(New York) – The Afghan government’s failure to provide accountability for violence against women and girls has undermined progress to protect women’s rights, Human Rights Watch said in a report released today. Gains by Taliban forces as the United States completes its troop withdrawal leaves the current Afghan state, and women’s rights in particular, uncertain.
The 32-page report, “‘I Thought Our Life Might Get Better’: Implementing Afghanistan’s Elimination of Violence against Women Law,” focuses on the experiences of Afghan women in their attempts to pursue justice against family members and others responsible for violence. Human Rights Watch found that limited enforcement of the landmark Elimination of Violence against Women (EVAW) law has left many women and girls with no path to key protections and justice. With the Taliban making sweeping territorial gains, the prospect of a Taliban-dominated government also threatens constitutional and international law protections for Afghan women’s fundamental rights.
“International donors need to strengthen their commitment to protect Afghan women caught between government inaction and expanding Taliban control,” said Patricia Gossman, associate Asia director at Human Rights Watch. “Governments that have long supported women’s rights in Afghanistan should advocate forcefully for enforcement of the EVAW law, which has driven slow but genuine change.”
With donor funding and global interest in Afghanistan declining alongside the withdrawal of foreign troops from Afghanistan, women’s rights organizations and other civil society groups have raised concerns that there will be less international support for the advocacy and training needed to protect and strengthen implementation of the law. Such support has been critically important in protecting women and girls, Human Rights Watch said.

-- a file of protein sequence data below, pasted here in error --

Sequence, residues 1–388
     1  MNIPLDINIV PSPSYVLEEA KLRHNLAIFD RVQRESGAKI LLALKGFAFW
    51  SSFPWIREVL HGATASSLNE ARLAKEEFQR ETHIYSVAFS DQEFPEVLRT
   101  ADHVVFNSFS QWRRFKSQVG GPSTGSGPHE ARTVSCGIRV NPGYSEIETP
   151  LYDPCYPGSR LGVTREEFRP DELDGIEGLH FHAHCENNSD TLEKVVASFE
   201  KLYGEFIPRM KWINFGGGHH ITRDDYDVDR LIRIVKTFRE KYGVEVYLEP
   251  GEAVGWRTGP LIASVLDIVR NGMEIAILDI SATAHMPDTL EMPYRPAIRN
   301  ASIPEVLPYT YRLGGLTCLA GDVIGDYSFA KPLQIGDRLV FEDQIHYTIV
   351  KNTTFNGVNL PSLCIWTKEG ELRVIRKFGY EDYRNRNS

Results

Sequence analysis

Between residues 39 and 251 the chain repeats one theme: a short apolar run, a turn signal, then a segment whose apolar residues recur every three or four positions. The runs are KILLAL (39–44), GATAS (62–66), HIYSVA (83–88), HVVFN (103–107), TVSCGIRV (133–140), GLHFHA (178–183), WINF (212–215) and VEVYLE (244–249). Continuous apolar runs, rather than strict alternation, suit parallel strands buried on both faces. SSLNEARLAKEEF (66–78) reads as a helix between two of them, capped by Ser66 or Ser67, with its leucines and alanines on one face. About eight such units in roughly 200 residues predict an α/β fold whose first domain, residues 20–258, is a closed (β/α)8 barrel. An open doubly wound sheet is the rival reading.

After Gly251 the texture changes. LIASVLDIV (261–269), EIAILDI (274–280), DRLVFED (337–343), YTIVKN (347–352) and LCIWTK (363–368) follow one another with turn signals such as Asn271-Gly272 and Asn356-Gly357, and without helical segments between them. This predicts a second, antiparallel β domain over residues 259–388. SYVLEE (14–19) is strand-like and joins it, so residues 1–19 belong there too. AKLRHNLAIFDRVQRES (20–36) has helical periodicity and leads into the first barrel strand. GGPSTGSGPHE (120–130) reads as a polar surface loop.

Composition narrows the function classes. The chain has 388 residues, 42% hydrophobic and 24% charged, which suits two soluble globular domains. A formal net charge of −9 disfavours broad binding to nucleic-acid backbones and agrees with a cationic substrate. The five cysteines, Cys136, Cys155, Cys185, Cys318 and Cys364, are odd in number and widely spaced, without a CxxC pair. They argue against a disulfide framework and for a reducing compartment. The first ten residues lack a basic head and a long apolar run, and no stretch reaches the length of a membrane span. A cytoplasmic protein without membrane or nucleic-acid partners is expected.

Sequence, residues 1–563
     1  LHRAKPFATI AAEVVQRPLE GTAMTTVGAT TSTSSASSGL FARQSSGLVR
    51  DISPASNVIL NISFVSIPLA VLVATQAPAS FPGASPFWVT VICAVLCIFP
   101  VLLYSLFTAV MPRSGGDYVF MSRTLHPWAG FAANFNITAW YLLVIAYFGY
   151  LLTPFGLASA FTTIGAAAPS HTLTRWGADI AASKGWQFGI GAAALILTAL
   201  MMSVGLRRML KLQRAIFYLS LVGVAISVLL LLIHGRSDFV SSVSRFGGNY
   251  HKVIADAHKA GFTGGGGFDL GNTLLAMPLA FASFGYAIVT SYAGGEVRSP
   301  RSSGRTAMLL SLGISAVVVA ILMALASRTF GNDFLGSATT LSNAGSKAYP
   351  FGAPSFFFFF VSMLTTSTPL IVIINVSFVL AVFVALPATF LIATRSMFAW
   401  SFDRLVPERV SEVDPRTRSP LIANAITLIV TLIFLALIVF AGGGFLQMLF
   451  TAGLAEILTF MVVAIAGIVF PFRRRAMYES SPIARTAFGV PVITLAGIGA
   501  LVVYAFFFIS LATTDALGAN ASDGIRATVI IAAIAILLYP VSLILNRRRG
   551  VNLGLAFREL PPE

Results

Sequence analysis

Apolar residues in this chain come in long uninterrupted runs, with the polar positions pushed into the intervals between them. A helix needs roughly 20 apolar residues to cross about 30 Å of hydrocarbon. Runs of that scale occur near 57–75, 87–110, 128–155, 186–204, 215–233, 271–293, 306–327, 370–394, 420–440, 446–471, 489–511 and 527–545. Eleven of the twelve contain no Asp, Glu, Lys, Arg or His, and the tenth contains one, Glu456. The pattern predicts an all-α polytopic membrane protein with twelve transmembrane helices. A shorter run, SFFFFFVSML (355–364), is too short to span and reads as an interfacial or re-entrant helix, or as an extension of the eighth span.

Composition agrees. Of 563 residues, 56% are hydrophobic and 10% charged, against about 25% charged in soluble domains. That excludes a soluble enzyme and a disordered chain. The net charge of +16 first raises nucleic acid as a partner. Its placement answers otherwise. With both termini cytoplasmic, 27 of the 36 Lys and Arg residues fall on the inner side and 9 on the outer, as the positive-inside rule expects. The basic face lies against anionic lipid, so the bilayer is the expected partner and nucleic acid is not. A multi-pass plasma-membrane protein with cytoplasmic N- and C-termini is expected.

The report is based on 61 interviews with women and girls who had reported crimes, prosecutors, judges, lawyers, legal aid providers, and advocacy groups.
Since 2001, legal reforms in Afghanistan, along with expanded educational and employment opportunities, have been heralded as significant advances for Afghan women and girls. Improvements in legal protections emerged through the training of a cadre of women lawyers, prosecutors, and judges, and the adoption of new laws. Among the most important of these was the EVAW law.
The EVAW law, decreed by the president in 2009 and reconfirmed in 2018, makes 22 acts of abuse toward women criminal offenses, including rape, battery, forced marriage, preventing women from acquiring property, and prohibiting a woman or girl from going to school or work. Despite considerable resistance from conservatives inside the Afghan judiciary and parliament, the law has contributed to some genuine progress, facilitating a rise in both reporting and investigations of violent crimes against women and girls.
However, full implementation of the law remains elusive, with police, prosecutors, and judges often deterring women from filing complaints and pressing them to seek mediation within their family instead. For women who experience abuse, family pressure, financial dependence, stigma associated with filing a complaint, and fear of reprisals, including losing their children, have also created formidable obstacles to registering cases.